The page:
He also said that all problems can be overcome through the convergences and the Guterres Framework. The president did not submit anything in writing.
Guterres held during the day separate meetings with Anastasiades and Tatar and the three foreign ministers to discuss their views.
Greek Foreign Minister Nikos Dendias reiterated his country’s wishes for the restart of the talks within a framework fully in line with the UN Charter, the relevant decisions of the UN Security Council for a bicommunal, bizonal federation as well as the European acquis.
He also said, according to diplomatic sources during the first plenary, that any solution should ensure the continued participation of Cyprus in decision-making within the EU, without external interference and called for the abolition of the “anachronistic” system of guarantees and full withdrawal of the Turkish occupying forces from the island.
His Turkish counterpart, Mevlut Cavusoglu, tweeted on several occasions throughout the day in favour of the two-state solution. After a meeting with UK Foreign Secretary Dominic Raab, he tweeted that the only realistic solution is negotiations between two states rather than two communities.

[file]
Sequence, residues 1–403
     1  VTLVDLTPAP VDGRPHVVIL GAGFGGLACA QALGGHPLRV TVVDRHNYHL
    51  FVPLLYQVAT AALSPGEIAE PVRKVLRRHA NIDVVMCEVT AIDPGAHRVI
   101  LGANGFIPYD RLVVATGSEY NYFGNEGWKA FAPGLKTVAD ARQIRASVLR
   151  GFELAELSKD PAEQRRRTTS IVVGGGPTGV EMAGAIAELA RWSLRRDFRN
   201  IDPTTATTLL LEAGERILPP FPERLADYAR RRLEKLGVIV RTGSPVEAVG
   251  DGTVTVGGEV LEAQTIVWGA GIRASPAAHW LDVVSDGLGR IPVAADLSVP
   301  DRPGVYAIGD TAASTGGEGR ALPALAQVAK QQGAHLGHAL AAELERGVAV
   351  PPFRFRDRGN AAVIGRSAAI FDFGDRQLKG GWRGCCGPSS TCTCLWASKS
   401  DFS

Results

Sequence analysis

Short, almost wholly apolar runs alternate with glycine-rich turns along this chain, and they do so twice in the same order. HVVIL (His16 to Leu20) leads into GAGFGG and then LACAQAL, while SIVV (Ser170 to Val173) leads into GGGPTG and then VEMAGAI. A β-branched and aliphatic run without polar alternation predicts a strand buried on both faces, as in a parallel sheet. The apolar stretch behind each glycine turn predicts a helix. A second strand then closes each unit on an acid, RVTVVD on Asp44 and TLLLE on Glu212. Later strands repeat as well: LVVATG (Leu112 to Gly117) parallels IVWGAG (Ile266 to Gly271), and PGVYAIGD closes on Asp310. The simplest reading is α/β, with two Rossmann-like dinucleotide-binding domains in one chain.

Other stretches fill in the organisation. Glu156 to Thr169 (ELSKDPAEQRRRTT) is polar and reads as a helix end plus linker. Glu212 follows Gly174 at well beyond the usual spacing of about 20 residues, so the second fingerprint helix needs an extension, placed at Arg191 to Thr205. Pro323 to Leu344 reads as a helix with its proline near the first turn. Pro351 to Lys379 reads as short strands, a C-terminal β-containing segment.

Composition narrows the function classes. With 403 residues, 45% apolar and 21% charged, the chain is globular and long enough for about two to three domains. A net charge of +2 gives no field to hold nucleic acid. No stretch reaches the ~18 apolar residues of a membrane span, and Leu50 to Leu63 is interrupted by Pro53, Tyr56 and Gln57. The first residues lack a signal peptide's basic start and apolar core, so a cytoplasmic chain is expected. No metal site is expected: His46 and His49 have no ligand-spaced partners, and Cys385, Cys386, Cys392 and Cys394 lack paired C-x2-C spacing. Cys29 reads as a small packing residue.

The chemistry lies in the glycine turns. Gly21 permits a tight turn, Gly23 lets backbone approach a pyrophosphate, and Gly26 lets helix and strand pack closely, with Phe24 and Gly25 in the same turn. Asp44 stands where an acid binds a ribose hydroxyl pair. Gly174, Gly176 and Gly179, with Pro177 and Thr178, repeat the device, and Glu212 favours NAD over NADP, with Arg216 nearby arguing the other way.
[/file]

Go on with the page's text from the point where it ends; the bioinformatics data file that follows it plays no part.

“Confirmed our full support to new solution vision of the Turkish Cypriot side,” he added which raised eyebrows as to the UK’s intentions.
Raab tweeted after the same meeting: “I urged flexibility on all sides to secure progress towards a just and lasting Cyprus settlement.”
There was no information on what the UK minister said during the morning plenary.
Raab also held separate meetings with Anastasiades and Dendias. He said his and Anastasiades’ was a “good meeting” and diplomatically added that “with trust and compromise, the parties can find a solution to #CyprusSettlement that meets the objectives of all sides.”
Sources said Guterres told Anastasiades on Tuesday that he was committed to this process and he wanted a result. He said if there is no result, they will have to see what the next steps are.
Responding to talk about what happens in the case of an impasse, diplomatic sources said that Guterres will submit his report to the Security Council with his conclusions and will be waiting for guidance by them. Sources said this is standard procedure followed after all such summits, regardless of the results and that the UN secretary-general cannot decide on his own if his mandate will change and pursue a different form of solution.